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Integrated care would cut '2.3 million emergency hospital admissions in older people'

More integrated care between GPs and community and social care services could prevent millions of emergency hospital admissions in the over-65s each year, a leading think tank has suggested.

The paper from the King's Fund said that if the bottom 75% of PCTs performed as well as the top 25%, PCTs could save £462m a year that could instead be used in community support and primary care services.

It said this would reduce emergency bed use in over-65s by 7,000 beds, equating to a reduction of overnight stays by 2.3 million per year.

The think tank said that while links between bed use and access to community services such as GPs, community nursing and social care are not clear-cut, areas with low bed use tended to run a more integrated service overall.

By contrast, the areas with the highest bed use tended to have excessive lengths of stay for patients for whom hospital was a transition between home and supported living, while areas that have well-developed, integrated services for older people have lower rates of bed use.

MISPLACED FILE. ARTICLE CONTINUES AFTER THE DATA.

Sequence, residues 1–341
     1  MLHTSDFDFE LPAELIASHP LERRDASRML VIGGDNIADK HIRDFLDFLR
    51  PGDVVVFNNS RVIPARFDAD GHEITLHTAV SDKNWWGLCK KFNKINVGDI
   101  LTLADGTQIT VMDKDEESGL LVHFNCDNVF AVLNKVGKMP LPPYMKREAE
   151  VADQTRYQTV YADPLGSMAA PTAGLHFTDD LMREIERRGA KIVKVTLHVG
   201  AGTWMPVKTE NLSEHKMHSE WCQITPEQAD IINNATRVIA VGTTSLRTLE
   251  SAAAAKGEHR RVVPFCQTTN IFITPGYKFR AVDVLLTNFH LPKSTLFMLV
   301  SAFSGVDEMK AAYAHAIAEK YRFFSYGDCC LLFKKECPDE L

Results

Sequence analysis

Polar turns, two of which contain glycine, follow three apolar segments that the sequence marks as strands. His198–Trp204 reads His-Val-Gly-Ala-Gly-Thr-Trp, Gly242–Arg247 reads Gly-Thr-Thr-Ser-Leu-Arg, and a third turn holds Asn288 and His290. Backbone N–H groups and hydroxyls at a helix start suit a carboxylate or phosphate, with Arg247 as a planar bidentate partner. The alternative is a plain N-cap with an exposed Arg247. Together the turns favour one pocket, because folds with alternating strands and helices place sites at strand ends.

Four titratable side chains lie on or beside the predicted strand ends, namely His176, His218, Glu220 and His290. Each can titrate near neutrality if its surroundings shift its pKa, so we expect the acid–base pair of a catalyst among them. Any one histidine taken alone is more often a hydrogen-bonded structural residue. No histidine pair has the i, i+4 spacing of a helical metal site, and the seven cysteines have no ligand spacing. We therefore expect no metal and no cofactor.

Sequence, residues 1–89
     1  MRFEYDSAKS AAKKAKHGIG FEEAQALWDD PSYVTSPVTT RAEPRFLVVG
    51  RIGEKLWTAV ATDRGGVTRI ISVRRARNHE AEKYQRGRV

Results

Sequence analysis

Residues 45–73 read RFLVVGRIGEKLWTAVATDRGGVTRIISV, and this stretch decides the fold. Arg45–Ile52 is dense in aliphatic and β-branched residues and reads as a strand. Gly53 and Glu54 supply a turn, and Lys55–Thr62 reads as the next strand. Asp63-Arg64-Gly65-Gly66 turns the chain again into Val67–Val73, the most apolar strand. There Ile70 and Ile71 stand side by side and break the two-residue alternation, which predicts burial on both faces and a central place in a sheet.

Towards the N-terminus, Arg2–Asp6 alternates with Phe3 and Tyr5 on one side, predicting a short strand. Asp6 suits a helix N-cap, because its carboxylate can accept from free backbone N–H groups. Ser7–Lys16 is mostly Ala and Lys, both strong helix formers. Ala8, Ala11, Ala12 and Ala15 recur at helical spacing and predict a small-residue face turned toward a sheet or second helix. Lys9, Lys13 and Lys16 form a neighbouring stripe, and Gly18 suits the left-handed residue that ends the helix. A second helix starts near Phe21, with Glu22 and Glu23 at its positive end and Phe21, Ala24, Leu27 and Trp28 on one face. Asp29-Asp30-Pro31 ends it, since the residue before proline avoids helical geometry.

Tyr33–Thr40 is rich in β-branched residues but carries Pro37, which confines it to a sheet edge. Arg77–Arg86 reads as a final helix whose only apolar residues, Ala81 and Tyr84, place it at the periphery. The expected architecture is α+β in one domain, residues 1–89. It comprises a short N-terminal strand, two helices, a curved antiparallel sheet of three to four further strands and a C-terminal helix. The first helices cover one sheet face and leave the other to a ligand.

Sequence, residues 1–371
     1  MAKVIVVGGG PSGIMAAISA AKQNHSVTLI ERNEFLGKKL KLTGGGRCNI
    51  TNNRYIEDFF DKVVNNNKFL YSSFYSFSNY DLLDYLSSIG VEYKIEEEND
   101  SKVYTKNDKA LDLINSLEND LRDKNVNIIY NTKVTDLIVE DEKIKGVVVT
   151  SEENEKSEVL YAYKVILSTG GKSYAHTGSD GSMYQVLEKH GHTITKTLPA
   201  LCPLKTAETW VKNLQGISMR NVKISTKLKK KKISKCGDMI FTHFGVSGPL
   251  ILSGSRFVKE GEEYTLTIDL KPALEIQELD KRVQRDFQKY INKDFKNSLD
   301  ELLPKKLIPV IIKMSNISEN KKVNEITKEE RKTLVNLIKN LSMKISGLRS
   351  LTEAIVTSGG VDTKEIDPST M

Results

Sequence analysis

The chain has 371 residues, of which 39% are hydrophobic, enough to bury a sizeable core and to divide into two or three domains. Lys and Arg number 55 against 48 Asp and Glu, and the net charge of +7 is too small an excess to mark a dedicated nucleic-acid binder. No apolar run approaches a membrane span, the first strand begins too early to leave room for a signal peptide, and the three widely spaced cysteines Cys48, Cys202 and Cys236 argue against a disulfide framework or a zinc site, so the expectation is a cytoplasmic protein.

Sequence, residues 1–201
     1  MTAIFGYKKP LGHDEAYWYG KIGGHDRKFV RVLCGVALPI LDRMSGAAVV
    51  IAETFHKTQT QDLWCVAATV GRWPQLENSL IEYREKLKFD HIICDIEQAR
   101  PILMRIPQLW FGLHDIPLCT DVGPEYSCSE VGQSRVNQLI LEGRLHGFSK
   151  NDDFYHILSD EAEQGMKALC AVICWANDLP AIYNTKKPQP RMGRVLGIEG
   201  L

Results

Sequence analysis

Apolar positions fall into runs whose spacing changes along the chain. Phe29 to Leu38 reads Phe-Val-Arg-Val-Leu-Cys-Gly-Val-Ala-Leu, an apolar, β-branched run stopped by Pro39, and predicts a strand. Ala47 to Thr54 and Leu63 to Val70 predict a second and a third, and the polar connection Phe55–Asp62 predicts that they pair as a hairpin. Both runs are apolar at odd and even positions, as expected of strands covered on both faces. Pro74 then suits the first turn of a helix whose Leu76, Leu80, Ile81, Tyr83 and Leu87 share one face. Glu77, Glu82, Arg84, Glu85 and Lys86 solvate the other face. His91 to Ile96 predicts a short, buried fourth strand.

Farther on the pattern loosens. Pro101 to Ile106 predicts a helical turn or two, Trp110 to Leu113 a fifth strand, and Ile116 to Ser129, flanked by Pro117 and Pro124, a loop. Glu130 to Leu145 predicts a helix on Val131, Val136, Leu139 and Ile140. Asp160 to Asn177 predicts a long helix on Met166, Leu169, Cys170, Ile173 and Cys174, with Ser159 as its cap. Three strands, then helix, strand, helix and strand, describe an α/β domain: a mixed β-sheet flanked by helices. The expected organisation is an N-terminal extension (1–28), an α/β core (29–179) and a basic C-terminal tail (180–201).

Interestingly, areas with higher numbers of older people were found to have proportionally lower rates of bed use. The think tank said these areas might be more likely to have prioritised the needs of older people and to have developed more integrated service models.

Candace Imison, deputy director of policy at The King's Fund, said: ‘There is no clear correlation between investment in community beds, social care or GPs and use of hospital beds.

‘The answer seems to lie in how the whole system operates together to ensure services deliver more than the sum of the individual parts.'

Dr David Jenner, a GP in Cullompton, Devon, and senior policy adviser at the NHS Alliance, said: ‘This research is hugely interesting for GPs in their CCG and commissioning roles, because hospital use has been estimated to count for up to two-thirds of CCG budgets if you take out prescribing costs.

‘They should look at the figures broken down by area and reflect on the reasons behind the variations.'

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